Colts OTAs may be over, but players say their work is just beginning.


Players Focused on Preparing for the 2010 Season

When the Indianapolis Colts' last organized team activity ended last Friday, the players had exactly 50 days until they would reunite as a team for training camp at Anderson University on August 1.

However, according to the team, that does not mean those 50 days will be without work. Rather, the players will devote the time to preparing for the upcoming 2010 season.

"It continues," Head Coach Jim Caldwell said. "It's one of the things that I think is a misconception, that once OTAs end that work is stopped. But we continue to work all the way up until training camp. They'll lift, they'll run, they'll still be working at their routes and coverage techniques, etc., and just try to find a way to get better."

Some players will opt to stay in Indianapolis for the duration of the break, while others will take the final chance to return home before the season. But regardless, the work doesn't stop.

"It's crucial," second-year running back Donald Brown said. "You want to get away, but really train hard, get your body into the condition that it needs to be come August 1. It's a long season. You have to get ready."

Rookie linebacker Pat Angerer is planning on staying in Indianapolis and continuing the progress he has made since the beginning of OTAs.

"Obviously, there is a ton of work that I need to do, but I've been able to improve each day I think," Angerer said. "The other guys have been so helpful here. It's really made it an easy process.

"I'm going to stay around here. I think it's going to be very important. We've put in a lot of work. If I go back home, I'd probably forget everything. I figure if I say here and stay on the tape and stay working with the guys, it will benefit me a lot."

Fellow rookie and first-round draft choice Jerry Hughes also is electing to stay in Indianapolis and see what secrets game film will show about Pro Bowl teammates Dwight Freeney and Robert Mathis.

"I'll be up here working out," Hughes said. "Just trying to get in shape, trying to get stronger, faster and learn my playbook. I'll watch film to see what moves I can get down from Dwight and Robert."

BRANDSTATER GETTING ACCLIMATEDFor newly-acquired quarterback Tom Brandstater, who was claimed off waivers by the Colts from Denver last week, joining the club offers him a new start and a chance to study one of the NFL's best quarterbacks.

"I do look at it as a fresh start," Brandstater said. "I learned a lot last year about how to be a professional and how to carry myself. Coming into a place like this, with Peyton Manning to really learn (from) and learn how he does everything, I feel it will add (to it) when I'm around one of the best ever."

To Brandstater, part of being a professional means having a full grasp of the playbook, a daunting task with training camp a month-and-a-half away.

"I think as a professional quarterback it is your job to learn (the playbook)," Brandstater said. "Luckily, so far, going through what I have gone through, I've had a lot of help from the other players and the coaches. The stuff makes sense here. I'm happy with my progress in four days, but multiply that by a couple of more weeks, and I'll be feeling pretty good."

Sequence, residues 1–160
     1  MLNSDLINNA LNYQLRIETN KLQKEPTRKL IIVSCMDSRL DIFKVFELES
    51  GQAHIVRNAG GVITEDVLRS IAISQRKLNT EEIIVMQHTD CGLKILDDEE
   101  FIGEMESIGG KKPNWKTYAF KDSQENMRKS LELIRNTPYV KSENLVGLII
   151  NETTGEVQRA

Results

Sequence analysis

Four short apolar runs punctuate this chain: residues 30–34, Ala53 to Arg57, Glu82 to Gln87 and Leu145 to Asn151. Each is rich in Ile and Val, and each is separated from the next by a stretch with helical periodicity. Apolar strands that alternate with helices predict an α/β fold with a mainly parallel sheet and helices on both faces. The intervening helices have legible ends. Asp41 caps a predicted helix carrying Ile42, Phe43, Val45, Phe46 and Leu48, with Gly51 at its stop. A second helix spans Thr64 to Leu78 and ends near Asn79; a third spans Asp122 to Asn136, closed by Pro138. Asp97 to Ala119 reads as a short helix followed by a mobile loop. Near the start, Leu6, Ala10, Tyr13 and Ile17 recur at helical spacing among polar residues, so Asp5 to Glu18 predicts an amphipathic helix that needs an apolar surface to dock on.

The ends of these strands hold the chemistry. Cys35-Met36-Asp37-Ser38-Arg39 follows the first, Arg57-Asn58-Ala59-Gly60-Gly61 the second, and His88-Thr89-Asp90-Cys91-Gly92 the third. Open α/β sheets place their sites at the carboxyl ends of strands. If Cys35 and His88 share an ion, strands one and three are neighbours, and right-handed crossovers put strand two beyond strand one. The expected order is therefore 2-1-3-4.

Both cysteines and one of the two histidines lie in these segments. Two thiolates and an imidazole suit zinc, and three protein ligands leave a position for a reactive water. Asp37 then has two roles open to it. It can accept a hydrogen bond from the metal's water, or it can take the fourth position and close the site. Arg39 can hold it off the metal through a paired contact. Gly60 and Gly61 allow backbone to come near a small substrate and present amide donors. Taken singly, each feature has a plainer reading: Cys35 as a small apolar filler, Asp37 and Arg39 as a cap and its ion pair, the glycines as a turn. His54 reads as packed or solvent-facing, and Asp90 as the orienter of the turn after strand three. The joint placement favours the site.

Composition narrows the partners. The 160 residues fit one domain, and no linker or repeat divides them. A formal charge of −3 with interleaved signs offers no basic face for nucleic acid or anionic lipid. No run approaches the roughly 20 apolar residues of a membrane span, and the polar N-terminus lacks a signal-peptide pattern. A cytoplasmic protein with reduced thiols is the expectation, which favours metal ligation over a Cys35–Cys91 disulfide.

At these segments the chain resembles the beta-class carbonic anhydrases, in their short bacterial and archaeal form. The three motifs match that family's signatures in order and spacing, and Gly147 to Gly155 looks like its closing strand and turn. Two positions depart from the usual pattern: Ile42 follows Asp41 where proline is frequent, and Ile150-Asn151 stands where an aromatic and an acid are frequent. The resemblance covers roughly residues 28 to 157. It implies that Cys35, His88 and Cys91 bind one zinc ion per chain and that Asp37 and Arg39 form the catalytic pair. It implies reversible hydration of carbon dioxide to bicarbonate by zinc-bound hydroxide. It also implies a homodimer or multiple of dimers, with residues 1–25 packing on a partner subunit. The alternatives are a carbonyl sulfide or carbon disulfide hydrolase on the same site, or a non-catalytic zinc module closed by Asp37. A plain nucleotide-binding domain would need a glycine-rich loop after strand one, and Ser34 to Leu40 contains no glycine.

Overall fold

The former Fresno State quarterback has spent his one week in Indianapolis reading the playbook and learning the Colts way of doing things.

"I've been in my playbook every night," Brandstater said. "I've got nothing else to do but learn my stuff. I've been trying to do that and get accustomed to how they do things. The biggest thing will be not so much learning the offense, but learning how you do the ins-and-outs; how you communicate in the huddle, how you call the snap count. All that stuff is harder than learning the X's and O's of it."

Brandstater, a 2009 sixth-round draft choice of Denver, has learned that nothing is guaranteed in the NFL. So, he is focusing on doing the best he can.

"I'm going to compete to be the best guy that I can be," Brandstater said. "The coaches will designate my role based on my play, so if I just play well and do everything I can, the rest will take care of itself."

For Donald Brown, there were highs in 2009. There was his first touchdown, a 15-yard romp at Miami, a 72-yard reception at Arizona and a 45-yard run at St. Louis. And there was playing in Super Bowl XLIV. But, the 2009 first-round draft choice said, there also were down moments as well, including missing five games with various injuries.

"It was (frustrating)," Brown said. "I think it made me a stronger person. Not everything is going to be easy, and that obviously proved it. It was disappointing not being out there and having to sit out a few games. I went through a whole slew of things. You learn from everything, and you build on it and you move forward. You get your body into shape and that will hopefully limit your risks."

But for Brown, with a year of experience behind him, he is comfortable and ready for year two.

"I know the lay of the land now," Brown said. "Obviously, there is still a lot more to learn, still a lot more to get better at. I think the (Super Bowl) lights a fire underneath you. You want to get back there, but this time you want to take the trophy home with you. That definitely lights a fire."

The former Connecticut standout, who graduated from the school this offseason and holds the school's career rushing record with 3,800 yards, said he still benefited from his rookie season because he listened to his older teammates. He thinks it served him well, and he said this year's crop of rookies would be wise to listen to them as well.

"Don't say much and watch the veterans," Brown said. "That's the best advice you can give to the rookies, especially with the guys on this team…they are hard workers and guys that obviously get it done on the field and off the field."

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